On May 5, the Center for the Philosophy of Freedom will host David Wiens, Assistant Professor of Political Science at the University of California, San Diego, as part of the Freedom Center Colloquium Series. His talk is entitled "Can Game Theory Constrain Normative Prescriptions?" (Abstract below.)
Thursday, May 5, 12:30-1:45pm, Social Sciences 224.
For further information, please visit the Arizona Freedom Center at http://freedomcenter.arizona.edu/colloquium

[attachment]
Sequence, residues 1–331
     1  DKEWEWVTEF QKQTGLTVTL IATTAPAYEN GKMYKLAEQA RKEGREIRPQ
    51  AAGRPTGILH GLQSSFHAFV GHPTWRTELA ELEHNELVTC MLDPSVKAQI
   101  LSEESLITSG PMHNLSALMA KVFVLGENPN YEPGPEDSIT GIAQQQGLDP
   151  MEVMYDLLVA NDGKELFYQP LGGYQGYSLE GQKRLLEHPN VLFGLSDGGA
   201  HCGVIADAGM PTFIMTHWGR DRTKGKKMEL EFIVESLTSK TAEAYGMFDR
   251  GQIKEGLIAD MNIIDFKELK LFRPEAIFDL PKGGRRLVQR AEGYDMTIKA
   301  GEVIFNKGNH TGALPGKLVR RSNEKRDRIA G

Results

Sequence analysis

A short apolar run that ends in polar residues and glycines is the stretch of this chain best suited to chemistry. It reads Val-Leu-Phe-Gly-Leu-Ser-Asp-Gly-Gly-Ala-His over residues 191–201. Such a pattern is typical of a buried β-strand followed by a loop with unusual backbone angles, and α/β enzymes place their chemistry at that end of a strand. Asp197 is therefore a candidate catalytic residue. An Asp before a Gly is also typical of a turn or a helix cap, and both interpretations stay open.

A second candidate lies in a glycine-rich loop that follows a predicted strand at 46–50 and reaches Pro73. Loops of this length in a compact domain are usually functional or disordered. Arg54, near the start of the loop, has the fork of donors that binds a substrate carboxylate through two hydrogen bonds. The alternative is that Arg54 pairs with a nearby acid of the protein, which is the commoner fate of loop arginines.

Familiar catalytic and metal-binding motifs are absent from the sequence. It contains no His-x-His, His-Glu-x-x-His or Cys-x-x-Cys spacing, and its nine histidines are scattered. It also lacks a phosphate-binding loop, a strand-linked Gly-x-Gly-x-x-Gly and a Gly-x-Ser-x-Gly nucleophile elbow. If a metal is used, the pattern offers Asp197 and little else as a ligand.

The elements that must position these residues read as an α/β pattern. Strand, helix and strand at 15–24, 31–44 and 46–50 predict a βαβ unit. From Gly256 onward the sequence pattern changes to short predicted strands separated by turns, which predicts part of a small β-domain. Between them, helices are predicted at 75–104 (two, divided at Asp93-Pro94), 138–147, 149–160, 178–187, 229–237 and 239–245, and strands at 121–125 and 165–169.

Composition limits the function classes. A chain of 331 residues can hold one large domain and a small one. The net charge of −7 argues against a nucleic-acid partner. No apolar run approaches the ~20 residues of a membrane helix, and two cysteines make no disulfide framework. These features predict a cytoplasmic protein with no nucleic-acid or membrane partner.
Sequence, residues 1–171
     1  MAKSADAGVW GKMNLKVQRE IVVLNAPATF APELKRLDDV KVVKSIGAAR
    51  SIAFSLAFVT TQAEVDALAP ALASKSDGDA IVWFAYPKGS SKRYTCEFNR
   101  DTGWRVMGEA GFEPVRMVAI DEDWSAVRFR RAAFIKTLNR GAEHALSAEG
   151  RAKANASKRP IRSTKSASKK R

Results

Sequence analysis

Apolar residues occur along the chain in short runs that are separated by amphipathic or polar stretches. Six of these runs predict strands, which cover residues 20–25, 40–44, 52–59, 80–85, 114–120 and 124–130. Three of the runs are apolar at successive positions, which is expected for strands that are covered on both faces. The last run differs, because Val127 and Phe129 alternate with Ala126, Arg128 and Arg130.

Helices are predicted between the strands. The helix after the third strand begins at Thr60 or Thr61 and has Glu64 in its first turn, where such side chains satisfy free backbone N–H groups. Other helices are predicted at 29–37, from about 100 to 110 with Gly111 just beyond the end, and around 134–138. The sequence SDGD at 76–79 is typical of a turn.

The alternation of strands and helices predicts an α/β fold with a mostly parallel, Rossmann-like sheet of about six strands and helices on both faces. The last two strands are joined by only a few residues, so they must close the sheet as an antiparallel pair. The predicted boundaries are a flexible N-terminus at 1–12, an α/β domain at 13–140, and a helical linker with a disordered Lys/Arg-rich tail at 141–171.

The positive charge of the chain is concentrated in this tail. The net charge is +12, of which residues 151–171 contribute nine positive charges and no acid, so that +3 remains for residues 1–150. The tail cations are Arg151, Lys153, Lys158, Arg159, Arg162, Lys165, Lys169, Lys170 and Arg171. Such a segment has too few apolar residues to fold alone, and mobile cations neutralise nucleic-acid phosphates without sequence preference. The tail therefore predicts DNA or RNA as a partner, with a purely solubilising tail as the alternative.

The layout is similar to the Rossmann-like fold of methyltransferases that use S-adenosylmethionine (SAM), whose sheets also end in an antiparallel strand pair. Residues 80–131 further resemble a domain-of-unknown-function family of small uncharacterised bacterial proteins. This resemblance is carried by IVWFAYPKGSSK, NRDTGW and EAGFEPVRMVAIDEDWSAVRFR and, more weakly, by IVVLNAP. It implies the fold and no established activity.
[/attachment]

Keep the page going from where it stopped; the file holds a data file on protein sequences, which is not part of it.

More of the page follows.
Game theory can be a useful means toward certain political philosophical ends because it provides a conceptual and technical apparatus that constrains the inferences we can make about (counterfactual) situations involving strategic interdependence. While its usefulness for conceptual, exploratory, or diagnostic purposes seems well-established (at least, among game theory's defenders), it seems to me an open question whether game theoretic models can be useful for the distinct purpose of disciplining normative prescriptions (e.g., regarding the kinds of institutions required by justice). At a glance, some might think the answer is clearly affirmative: game theoretic models are useful for exploring social causal mechanisms; so game theoretic models can be useful for doing the kind of causal analysis required to determine whether a particular prescription is feasible or effective for addressing extant injustice. This answer presupposes that game theoretic models are useful for making predictions about, e.g., which states of affairs we are likely to realize given the status quo, or the likely effects of implementing certain prescriptions. But suppose we're skeptical that game theoretic models can make these kinds of predictions; what then? I'll sketch a tentative work-around: game theoretic models can be useful for determining whether a prescription is consistent with the underlying diagnosis. That is, game theory can help determine whether the prescription is feasible and effective given the model implied by the theorist's diagnosis of the normative problem to be addressed.